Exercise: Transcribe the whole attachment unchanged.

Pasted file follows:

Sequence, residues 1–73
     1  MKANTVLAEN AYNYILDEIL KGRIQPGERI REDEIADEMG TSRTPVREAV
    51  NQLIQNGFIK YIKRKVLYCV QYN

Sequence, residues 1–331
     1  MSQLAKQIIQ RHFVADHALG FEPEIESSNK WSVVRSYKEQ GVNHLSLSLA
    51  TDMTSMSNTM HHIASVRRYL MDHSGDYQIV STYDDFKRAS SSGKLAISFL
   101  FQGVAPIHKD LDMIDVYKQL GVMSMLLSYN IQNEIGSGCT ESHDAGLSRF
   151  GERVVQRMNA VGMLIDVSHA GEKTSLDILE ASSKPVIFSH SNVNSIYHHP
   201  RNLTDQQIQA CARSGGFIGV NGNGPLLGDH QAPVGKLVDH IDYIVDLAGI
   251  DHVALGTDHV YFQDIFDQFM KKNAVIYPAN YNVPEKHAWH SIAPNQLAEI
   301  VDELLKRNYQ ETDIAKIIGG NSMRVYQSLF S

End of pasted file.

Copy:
Sequence, residues 1–73
     1  MKANTVLAEN AYNYILDEIL KGRIQPGERI REDEIADEMG TSRTPVREAV
    51  NQLIQNGFIK YIKRKVLYCV QYN

Sequence, residues 1–331
     1  MSQLAKQIIQ RHFVADHALG FEPEIESSNK WSVVRSYKEQ GVNHLSLSLA
    51  TDMTSMSNTM HHIASVRRYL MDHSGDYQIV STYDDFKRAS SSGKLAISFL
   101  FQGVAPIHKD LDMIDVYKQL GVMSMLLSYN IQNEIGSGCT ESHDAGLSRF
   151  GERVVQRMNA VGMLIDVSHA GEKTSLDILE ASSKPVIFSH SNVNSIYHHP
   201  RNLTDQQIQA CARSGGFIGV NGNGPLLGDH QAPVGKLVDH IDYIVDLAGI
   251  DHVALGTDHV YFQDIFDQFM KKNAVIYPAN YNVPEKHAWH SIAPNQLAEI
   301  VDELLKRNYQ ETDIAKIIGG NSMRVYQSLF S